Our study analyzed the ED return risks with a focus on patient factors. However, it is plausible that some ED revisits can be due more to geographic ED resource accessibility factors. Therefore, we examined the geographic factors in relation to the ED revisit rates (summarized in Fig. 5). The heatmap graphic representation of the “hot” areas where high-volume of ED revisit rates correlated strongly with the local ED facility distribution, while less ED return rates were found in rural areas. Such findings were similar to that of previous study on ED use patterns of older adults [38]. Geographic analysis can help provide a comprehensive guidance to field ED care givers in regard to the patient geographic location, ED resource allocation, and targeted intervention delivery.

Senior patients are usually with higher rate of ED visits and end with poor outcomes, resulting repeated and frequent ED revisits. Our clustering analysis of high-risk patients identified 3 clusters with the majority at age 50+ (69.16 % of Cluster 2#, 75.26 % of Cluster 4#, and 94.04 % of Cluster 6#), compared with the rest 3 clusters made up by younger adults (less than 35: 52.86 % of Cluster 1#, 40.83 % of Cluster 3#, and 51.96 of Cluster 5#). Observations such as these suggest that a one size fits all approach to case management targeting the avoidance of ED return is likely insufficient as each of these sub-groups has unique characteristics demanding targeted post-discharge strategies. It requires providers and care managers to apply stratified care management plans accordingly to reduce the risk of ED revisit. For example, post-discharge plans including follow-up calls, clinic visits, and medications need to be designed more carefully for the elderly who are more vulnerable to poor outcomes and ED return. It is intriguing to speculate that our clustering analysis could be used for a more personalized or precise approach to prevention of unnecessary revisit that would be amenable to ongoing adjustment and adaptation according to ongoing success and failures to prevent revisit. Our risk assessment has been successfully deployed within the HIE and is made available on a real time basis. The operational advantage of the presented tool will allow post-discharge plans to be carefully designed. Accordingly, real time operational solutions such as that presented here is a necessary step in addressing the issue of repeated ED utilization contributed by older adults.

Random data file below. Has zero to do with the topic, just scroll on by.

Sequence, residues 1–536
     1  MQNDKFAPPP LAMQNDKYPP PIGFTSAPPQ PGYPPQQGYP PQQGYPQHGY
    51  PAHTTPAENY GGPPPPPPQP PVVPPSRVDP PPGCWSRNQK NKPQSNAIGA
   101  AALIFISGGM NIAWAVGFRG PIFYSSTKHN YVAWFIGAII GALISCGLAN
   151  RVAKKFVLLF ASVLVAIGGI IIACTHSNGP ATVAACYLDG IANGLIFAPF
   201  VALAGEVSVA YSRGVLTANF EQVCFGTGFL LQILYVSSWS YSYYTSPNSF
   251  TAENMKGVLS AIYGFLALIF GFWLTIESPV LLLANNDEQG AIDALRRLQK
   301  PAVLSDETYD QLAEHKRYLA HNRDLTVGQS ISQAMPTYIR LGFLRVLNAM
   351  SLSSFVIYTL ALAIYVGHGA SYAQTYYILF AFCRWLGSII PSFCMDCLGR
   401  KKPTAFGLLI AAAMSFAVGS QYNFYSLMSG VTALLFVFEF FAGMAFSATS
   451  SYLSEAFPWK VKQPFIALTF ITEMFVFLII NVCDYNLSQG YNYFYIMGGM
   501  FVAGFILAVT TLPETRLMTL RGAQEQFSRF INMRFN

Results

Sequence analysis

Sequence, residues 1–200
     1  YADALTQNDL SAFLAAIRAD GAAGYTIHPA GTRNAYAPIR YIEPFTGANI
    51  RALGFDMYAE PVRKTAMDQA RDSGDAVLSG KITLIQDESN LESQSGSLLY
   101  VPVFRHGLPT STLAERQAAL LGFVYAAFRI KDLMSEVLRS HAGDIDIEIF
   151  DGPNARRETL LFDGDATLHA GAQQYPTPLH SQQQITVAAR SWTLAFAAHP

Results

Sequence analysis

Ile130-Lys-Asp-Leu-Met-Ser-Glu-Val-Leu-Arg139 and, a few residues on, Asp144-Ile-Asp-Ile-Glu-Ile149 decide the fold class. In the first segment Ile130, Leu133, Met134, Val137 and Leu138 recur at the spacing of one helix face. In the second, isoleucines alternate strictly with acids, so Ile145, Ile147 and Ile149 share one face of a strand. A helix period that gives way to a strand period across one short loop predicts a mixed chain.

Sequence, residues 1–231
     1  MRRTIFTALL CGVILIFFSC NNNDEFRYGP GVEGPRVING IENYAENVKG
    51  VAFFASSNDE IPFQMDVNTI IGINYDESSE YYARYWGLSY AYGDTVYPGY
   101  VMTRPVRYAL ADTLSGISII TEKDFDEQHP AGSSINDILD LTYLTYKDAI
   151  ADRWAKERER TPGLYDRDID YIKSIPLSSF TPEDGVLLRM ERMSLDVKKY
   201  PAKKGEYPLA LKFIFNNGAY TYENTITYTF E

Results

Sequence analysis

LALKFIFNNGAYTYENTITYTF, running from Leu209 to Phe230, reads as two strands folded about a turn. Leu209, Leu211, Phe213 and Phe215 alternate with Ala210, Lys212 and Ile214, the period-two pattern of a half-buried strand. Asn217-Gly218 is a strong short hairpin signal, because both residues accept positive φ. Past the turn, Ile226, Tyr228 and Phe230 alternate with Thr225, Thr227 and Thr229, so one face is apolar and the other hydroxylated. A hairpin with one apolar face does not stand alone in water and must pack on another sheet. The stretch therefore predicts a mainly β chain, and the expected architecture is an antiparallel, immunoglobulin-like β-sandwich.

Our model and associated application were designed to track the evolving nature of post ED discharge risk of revisit, in a longitudinal manner, across all payers, all diseases and all age groups. With our ED risk model, tactics for modifying care management programs can be driven and measured against the analytical risk assessment derived from the HIE records, with knowledge of high risk population distribution among the chronic conditions and physical locations. After our initial success in ED risk modeling, we will, as a next step, focus to develop hypotheses on what factors determine the probability of a return ED visit (main outcome) or cost (secondary outcome). However, while HIE data represents an ideal source of community-wide/regional patient data, operational HIEs are not present in all States. The predictive model and patient clustering method can be applied to any clinical data set including the clinical EMRs directly as well as private HIEs within hospital networks.

The ED 6 month revisit model was deployed as part of the dashboard system, which is currently in production in Maine HIE. The platform allows real time risk profiling of all Maine HIE patients to support patient targeted care and population management. Applying analytical tools on EMR and HIE data, including the ED revisit risk model and the high-risk patient clustering method, will help health care providers effectively leverage their EMR to better understand ED service delivery while providing opportunities for improved healthcare delivery for the patients.


We developed a risk model predictive of ED revisits within the 6 months’ period following the ED discharge. The model was prospectively validated on a statewide HIE database in Maine covering all payers, all diseases and all ages. Using the model each individual can be assigned a risk score at the time of discharge describing the probability of ED return in future 6 months, according to the individual’s clinical conditions in preceding 12 months. Applying our risk stratification algorithm on patients with various levels of ED resource usage can provide guidance of the care management, with a particular focus on those identified as ‘heavy users of ED services’ by our algorithm. Integrating this predictive tool into the HIE database close to real time provides opportunities of identifying clinical patterns of heavy ED users, leading to a deep understanding of healthcare resource utilization and population management, which can ultimately benefit the healthcare outcomes and patients’ life qualities.



Chronic Condition Indicator


Emergency Department


Electronic Medical Record


Health Information Exchange